Property Owner Fined $5000 Over Mangrove Clearing

A MOUNTAIN Creek man has been fined $5000 in the Maroochydore Magistrates Court after being found guilty of removing about 20sq m of mangroves in front of his property.

Queensland Boating and Fisheries Patrol district officer Russell Overton said information received from the public led to the discovery of the mangrove clearing offence. “Acting on information, officers discovered a large trench through the mangrove root systems had been dug out in front of his property in order to build a private jetty,” Mr Overton said.

“A trunk was all that remained from one large mangrove and three smaller trees showed signs of significant damage caused from pruning.

“Incidentally, about a year ago QBFP officers had spoken to the man on the legalities surrounding the protection and management of marine plants.” Mr Overton said the fine handed down by the magistrate reflects the seriousness of the offence and should make people think twice about damaging protected habitat areas.

“Cutting down or destroying marine plants on Queensland shores is illegal and incredibly destructive to Queensland’s fisheries resources,” he said.

“Any loss of mangroves like these will have a flow-on effect to the fish and crab populations they support.” QBFP at Mooloolaba has noted a significant increase in unlawful damage to marine plants and development works undertaken in fish habitat areas.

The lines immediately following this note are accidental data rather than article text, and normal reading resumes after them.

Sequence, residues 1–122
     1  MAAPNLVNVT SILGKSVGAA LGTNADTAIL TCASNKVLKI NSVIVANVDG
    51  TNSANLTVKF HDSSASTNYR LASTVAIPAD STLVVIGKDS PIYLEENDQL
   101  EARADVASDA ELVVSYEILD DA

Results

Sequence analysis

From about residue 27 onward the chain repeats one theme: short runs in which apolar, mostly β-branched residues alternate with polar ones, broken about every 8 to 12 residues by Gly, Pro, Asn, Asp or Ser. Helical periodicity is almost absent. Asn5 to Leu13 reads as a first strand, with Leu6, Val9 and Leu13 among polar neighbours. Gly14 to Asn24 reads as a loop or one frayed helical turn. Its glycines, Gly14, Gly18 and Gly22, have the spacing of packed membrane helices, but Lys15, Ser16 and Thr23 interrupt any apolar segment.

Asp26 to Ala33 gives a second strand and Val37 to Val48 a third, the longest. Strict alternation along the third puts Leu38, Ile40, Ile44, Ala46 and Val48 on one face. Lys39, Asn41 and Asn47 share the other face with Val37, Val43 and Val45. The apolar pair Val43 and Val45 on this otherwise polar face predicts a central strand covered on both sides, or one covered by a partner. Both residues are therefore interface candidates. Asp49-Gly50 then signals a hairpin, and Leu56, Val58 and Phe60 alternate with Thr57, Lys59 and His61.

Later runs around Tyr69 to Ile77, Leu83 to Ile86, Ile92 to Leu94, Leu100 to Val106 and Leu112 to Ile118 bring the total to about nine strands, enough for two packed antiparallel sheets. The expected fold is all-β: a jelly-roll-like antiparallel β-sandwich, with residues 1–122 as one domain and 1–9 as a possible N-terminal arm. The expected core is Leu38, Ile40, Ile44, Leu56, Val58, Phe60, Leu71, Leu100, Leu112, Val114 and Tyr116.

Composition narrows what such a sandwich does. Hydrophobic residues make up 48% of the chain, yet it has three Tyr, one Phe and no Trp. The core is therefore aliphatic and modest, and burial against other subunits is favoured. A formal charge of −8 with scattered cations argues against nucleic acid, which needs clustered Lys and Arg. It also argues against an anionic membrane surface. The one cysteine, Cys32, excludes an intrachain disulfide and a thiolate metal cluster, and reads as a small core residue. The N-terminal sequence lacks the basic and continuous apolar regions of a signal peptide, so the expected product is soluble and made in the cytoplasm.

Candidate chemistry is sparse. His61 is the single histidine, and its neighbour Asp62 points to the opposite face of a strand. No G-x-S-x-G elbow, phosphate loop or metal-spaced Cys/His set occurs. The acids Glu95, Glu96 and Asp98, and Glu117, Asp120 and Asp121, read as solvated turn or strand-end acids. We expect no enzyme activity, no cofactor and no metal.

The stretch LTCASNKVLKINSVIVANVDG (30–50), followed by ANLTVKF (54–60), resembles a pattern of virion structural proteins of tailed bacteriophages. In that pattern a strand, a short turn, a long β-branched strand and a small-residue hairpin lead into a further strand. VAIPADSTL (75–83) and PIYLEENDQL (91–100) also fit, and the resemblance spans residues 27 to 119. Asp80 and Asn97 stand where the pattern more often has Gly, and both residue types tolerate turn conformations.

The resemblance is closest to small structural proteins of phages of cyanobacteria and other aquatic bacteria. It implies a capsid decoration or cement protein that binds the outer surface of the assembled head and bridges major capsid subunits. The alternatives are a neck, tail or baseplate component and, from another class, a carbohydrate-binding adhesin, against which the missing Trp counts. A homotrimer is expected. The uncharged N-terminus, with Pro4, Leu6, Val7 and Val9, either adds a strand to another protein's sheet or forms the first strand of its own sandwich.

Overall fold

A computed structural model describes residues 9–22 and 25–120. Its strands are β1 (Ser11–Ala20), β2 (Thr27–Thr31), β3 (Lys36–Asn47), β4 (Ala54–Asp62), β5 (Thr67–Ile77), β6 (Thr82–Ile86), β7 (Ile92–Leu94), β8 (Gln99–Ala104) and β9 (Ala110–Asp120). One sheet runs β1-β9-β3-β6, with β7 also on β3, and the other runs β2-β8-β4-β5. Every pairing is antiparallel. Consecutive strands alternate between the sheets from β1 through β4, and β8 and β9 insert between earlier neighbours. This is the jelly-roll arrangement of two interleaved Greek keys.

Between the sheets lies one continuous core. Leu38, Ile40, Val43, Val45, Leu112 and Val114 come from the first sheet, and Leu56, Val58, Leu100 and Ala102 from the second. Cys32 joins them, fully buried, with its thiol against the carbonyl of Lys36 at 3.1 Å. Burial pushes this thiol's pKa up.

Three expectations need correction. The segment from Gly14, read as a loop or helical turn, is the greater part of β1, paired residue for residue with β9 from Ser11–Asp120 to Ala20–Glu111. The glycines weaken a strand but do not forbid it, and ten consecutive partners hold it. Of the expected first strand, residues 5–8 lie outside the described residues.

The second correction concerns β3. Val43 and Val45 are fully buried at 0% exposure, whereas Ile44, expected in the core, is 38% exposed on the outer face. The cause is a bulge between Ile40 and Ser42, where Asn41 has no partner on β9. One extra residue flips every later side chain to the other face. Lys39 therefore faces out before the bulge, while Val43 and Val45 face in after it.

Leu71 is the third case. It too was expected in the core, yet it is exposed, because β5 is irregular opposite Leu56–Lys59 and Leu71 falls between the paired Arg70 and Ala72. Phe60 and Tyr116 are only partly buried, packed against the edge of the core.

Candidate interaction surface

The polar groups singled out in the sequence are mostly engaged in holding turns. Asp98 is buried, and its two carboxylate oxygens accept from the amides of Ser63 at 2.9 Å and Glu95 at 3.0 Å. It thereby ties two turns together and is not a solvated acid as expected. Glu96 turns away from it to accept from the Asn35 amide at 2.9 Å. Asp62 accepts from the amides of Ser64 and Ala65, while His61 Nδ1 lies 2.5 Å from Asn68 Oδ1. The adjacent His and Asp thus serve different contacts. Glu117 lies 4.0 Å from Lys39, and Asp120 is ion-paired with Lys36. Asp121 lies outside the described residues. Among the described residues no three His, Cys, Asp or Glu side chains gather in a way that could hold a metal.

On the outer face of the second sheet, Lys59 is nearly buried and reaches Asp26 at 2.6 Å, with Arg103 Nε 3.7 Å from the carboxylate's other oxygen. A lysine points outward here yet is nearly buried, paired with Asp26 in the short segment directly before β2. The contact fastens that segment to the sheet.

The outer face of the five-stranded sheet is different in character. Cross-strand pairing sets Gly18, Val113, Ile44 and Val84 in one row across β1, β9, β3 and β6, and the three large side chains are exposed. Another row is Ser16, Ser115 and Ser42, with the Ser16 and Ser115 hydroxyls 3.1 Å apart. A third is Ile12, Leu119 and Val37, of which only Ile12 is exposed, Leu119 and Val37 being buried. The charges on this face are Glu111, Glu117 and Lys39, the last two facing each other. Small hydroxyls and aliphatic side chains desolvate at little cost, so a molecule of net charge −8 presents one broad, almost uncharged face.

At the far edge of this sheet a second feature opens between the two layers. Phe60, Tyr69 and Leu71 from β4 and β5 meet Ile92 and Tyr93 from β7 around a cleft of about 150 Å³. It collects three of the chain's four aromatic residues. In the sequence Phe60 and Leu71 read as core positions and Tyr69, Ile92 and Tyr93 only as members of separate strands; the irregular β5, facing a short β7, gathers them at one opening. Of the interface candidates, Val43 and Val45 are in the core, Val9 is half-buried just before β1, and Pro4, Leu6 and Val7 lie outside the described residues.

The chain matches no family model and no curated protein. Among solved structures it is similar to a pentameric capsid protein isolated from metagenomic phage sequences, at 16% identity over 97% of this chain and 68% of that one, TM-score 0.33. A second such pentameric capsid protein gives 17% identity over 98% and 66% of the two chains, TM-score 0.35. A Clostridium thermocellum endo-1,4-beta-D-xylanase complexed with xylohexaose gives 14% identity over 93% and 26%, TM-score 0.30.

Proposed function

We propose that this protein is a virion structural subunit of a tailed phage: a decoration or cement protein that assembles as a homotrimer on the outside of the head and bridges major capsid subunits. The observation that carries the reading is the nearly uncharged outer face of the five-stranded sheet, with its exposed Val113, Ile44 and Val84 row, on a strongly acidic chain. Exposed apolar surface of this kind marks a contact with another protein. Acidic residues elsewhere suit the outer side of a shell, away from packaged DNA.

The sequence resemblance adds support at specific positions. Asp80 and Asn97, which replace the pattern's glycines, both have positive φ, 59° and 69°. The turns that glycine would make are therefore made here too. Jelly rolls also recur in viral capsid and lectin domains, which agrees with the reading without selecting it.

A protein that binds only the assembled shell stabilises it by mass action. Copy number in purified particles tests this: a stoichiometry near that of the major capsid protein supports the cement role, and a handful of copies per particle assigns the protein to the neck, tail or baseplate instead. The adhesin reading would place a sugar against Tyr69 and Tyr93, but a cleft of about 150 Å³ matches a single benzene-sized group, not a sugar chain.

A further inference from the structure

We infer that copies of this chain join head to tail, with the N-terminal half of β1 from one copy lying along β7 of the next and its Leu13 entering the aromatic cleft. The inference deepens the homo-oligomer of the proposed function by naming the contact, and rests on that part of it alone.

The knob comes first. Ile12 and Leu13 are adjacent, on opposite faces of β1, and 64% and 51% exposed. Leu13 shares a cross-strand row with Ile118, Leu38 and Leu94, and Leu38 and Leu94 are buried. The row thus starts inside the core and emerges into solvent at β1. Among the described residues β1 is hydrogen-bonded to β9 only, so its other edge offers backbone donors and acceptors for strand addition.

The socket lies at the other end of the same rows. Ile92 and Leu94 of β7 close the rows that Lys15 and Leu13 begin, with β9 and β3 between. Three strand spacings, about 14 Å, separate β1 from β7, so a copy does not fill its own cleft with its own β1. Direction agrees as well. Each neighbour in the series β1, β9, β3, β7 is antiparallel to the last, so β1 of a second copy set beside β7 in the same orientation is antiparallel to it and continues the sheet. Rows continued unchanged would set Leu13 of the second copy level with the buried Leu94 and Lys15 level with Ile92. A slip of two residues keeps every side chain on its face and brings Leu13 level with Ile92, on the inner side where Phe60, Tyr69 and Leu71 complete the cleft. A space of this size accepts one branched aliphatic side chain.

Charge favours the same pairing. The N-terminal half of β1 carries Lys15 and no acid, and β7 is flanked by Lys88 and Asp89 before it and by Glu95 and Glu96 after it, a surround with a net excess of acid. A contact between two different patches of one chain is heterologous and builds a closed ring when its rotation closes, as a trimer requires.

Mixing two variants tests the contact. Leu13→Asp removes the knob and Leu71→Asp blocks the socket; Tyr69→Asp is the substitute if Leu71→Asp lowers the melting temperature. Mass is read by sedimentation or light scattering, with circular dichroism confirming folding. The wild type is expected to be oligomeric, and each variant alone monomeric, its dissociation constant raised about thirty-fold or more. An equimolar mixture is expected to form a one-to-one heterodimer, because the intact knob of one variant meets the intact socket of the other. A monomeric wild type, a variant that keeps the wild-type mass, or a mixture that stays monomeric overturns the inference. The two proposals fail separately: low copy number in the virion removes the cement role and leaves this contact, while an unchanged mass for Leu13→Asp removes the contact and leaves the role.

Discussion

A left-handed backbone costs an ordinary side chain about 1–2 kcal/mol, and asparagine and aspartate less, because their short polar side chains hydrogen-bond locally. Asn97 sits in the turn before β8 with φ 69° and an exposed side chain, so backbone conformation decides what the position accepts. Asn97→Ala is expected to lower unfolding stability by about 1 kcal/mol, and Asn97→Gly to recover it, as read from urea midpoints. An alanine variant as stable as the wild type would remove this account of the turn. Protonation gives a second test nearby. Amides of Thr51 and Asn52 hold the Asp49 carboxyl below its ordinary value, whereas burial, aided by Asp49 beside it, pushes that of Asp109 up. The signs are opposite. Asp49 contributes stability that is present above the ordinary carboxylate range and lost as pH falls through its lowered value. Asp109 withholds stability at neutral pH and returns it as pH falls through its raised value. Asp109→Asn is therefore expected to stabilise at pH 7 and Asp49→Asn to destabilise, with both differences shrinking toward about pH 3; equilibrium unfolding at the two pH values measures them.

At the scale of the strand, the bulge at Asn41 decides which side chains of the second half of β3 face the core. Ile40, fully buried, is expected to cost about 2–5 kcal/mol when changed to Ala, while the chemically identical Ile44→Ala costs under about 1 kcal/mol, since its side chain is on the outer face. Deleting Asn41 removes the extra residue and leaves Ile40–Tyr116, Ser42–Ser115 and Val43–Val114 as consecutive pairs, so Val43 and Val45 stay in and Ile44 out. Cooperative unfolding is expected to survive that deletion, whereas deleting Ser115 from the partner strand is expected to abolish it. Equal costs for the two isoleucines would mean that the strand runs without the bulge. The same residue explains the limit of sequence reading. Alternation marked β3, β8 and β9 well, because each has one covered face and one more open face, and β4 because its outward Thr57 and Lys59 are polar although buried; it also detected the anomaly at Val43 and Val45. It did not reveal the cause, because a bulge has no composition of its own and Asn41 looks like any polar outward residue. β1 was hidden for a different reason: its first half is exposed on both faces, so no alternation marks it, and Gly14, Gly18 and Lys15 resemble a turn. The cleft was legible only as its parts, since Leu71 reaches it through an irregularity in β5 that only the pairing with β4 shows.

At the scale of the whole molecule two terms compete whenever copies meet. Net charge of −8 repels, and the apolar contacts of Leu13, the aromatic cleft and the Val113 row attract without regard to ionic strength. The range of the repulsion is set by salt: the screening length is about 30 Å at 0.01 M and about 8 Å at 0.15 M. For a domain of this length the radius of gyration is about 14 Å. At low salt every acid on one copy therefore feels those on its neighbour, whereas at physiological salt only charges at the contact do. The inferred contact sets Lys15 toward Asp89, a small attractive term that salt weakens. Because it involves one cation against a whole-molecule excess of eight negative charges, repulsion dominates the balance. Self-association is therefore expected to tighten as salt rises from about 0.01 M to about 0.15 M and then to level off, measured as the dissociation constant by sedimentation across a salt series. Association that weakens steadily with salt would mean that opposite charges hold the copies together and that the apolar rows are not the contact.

MR_Mangrove-clearing-Mooloolaba_1
Photo: Department of Agriculture and Fisheries
MR_Mangrove-clearing-Mooloolaba_2
Photo: Department of Agriculture and Fisheries

“This is increasingly becoming a problem and clearly people are unaware of the mangroves’ value to the local environment,” Mr Overton said. Disturbances to marine plants, however minor, have a cumulative effect that can lead to a long-term decline in local fish production and general aquatic health. Even hedging can change the productivity of the mangroves and reduce the number of animals that live beneath the canopy due to excessive shading.

Damaging marine plants can carry a maximum penalty of $341,550. The Fisheries Act 1994 protects all marine plants in Queensland including mangroves, seagrass, salt couch and in specific circumstances melaleuca and hibiscus species, regardless of whether marine plants are on private, leasehold or public lands, or alive or dead. Residents are encouraged to help protect marine plants and report any damage to the 24-hour, toll-free Fishwatch hotline on 1800 017 116.

For more information on mangroves, visit www.fisheries.qld.gov.au, call 13 25 23 or download the free Qld Fishing app from Apple and Google app stores. You can follow Fisheries Queensland on Facebook and Twitter (@FisheriesQld).

 

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